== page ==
Astrophysicist Christopher Hirata receives an "Oscar of science"
Astronomy and physics professor Christopher Hirata is the first faculty member from Ohio State to receive a New Horizons in Physics Prize, an award given alongside the annual Breakthrough Prizes, which have come to be known as the "Oscars of science."
Hirata — also a member of the Center for Cosmology and AstroParticle Physics — received the prize in recognition of his “fundamental contributions to understanding the physics of early galaxy formation and to sharpening and applying the most powerful tools of precision cosmology.” His work focuses on dark matter and dark energy, which are believed to control how galaxies form and how the universe expands, and his research has drawn together elements of big data, device engineering and theoretical physics, according to a university news release.
Hirata received the $100,000 prize on Dec. 3 at NASA’s Ames Research Center in Mountain View, Calif., at the Breakthrough Prize ceremony, which was hosted by Morgan Freeman and attended by Mila Kunis, Ashton Kutcher, Kerry Washington and various other celebrities.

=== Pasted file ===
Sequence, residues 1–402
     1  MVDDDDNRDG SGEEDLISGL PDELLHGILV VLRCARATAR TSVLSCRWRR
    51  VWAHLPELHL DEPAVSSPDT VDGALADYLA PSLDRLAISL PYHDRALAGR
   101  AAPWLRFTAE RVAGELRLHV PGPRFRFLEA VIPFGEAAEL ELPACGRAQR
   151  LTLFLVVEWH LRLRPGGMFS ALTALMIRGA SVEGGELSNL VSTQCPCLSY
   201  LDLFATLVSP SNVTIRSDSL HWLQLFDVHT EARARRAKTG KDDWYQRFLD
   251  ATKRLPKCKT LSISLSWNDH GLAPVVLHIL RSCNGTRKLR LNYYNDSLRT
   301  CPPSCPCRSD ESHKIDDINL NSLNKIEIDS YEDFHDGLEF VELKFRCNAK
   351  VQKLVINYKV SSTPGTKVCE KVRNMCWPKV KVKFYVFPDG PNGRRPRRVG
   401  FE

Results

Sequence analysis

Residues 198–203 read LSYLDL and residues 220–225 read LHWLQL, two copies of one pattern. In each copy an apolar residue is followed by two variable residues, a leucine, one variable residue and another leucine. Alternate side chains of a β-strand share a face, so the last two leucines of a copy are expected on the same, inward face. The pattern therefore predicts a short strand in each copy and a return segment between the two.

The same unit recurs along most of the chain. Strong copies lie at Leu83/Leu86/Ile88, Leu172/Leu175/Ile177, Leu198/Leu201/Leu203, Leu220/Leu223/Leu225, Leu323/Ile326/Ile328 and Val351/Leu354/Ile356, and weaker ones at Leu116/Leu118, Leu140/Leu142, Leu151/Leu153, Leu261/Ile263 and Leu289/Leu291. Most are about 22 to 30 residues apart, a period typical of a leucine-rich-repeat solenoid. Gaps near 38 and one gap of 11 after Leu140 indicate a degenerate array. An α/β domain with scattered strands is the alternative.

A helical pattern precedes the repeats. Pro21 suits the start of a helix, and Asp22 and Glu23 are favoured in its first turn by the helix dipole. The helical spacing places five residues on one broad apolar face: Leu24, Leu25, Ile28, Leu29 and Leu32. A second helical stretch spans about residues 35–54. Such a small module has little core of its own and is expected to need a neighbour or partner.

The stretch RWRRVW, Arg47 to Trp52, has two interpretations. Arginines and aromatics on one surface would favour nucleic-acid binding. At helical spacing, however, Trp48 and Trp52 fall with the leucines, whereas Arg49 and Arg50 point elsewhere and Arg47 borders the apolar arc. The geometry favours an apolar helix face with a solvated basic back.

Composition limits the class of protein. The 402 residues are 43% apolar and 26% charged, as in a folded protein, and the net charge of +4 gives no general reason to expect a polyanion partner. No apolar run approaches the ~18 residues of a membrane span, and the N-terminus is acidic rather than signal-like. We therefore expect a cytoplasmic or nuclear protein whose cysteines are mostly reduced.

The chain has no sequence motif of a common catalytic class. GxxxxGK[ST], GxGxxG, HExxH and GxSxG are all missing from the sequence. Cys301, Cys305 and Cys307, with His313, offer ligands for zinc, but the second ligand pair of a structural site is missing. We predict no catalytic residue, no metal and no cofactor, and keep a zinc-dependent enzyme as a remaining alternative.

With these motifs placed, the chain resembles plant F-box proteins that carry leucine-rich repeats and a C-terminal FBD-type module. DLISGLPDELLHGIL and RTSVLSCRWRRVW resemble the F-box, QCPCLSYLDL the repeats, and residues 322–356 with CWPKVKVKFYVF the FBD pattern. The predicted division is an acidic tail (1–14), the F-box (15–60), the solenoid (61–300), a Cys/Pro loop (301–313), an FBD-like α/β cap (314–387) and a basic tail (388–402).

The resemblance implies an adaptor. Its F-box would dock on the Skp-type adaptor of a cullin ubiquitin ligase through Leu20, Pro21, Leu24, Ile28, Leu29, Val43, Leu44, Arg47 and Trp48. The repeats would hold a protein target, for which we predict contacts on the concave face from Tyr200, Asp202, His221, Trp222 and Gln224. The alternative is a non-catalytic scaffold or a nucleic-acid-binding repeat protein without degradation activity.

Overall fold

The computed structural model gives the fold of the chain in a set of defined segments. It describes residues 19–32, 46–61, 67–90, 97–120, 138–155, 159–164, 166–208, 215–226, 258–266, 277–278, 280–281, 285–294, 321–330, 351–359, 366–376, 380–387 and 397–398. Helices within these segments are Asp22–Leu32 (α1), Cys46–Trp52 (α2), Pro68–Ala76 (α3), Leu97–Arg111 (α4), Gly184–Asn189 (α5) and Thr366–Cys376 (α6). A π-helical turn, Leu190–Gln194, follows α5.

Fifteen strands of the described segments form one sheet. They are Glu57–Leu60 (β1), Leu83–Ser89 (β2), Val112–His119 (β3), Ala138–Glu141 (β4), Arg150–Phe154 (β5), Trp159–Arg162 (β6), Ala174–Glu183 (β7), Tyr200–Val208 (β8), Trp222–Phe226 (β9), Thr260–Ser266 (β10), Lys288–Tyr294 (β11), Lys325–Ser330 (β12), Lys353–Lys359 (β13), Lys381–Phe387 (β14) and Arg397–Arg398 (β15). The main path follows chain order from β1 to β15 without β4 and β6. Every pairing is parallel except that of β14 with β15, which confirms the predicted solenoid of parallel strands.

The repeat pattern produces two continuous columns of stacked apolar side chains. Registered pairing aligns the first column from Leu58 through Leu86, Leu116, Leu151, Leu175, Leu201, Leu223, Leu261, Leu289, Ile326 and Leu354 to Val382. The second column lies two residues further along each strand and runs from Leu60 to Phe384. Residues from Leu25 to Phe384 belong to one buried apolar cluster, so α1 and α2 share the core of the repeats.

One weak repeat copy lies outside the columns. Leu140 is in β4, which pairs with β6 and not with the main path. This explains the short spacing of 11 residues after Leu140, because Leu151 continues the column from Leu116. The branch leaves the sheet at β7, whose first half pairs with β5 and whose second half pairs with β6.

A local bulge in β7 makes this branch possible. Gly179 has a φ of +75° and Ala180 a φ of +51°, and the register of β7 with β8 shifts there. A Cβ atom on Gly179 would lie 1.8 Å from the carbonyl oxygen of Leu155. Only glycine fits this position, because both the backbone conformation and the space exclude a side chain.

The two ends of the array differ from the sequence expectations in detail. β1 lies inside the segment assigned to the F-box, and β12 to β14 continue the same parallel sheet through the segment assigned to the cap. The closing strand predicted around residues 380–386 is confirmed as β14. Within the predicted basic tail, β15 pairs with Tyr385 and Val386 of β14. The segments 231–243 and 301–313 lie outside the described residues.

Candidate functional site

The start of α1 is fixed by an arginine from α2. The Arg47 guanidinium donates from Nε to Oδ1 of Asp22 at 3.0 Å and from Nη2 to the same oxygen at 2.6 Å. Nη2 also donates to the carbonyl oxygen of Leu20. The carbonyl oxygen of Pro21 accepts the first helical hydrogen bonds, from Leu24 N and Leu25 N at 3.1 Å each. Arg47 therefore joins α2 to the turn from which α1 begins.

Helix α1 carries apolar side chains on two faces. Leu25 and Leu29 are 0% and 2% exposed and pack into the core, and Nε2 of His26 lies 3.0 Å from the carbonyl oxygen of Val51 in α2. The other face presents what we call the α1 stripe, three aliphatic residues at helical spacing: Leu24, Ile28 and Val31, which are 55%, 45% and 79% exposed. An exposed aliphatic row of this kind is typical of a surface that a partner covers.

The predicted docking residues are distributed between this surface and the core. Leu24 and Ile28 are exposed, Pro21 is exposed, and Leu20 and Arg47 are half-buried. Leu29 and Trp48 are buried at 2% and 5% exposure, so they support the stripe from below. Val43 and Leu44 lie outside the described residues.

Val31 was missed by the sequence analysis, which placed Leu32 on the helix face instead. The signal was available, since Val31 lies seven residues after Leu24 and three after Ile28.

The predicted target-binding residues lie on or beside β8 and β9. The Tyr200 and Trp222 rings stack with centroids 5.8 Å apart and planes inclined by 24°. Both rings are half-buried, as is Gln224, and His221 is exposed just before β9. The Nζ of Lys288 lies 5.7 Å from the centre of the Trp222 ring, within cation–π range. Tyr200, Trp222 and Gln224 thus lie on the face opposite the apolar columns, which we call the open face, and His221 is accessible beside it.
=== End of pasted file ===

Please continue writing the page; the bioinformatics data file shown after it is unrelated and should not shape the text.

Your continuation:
Up to three New Horizon in Physics Prizes are given to up-and-coming, early-career physicists per year, and the other recipients this year include Andrea Young of University of California, Santa Barbara, and Douglas Stanford of the Institute for Advanced Study and Stanford University.
The Breakthrough Prize ceremony is presented by co-founders Sergey Brin (Google), Yuri Milner (DST Global) and Julia Milner, Mark Zuckerberg (Facebook) and Priscilla Chan (Chan Zuckerberg Initiatives), and Anne Wojcicki (23andMe), along with Vanity Fair editor Graydon Carter.
.@ASCatOSU researcher Christopher Hirata is first at @OhioState to receive the prestigious New Horizons in Physics Prize #ASCDaily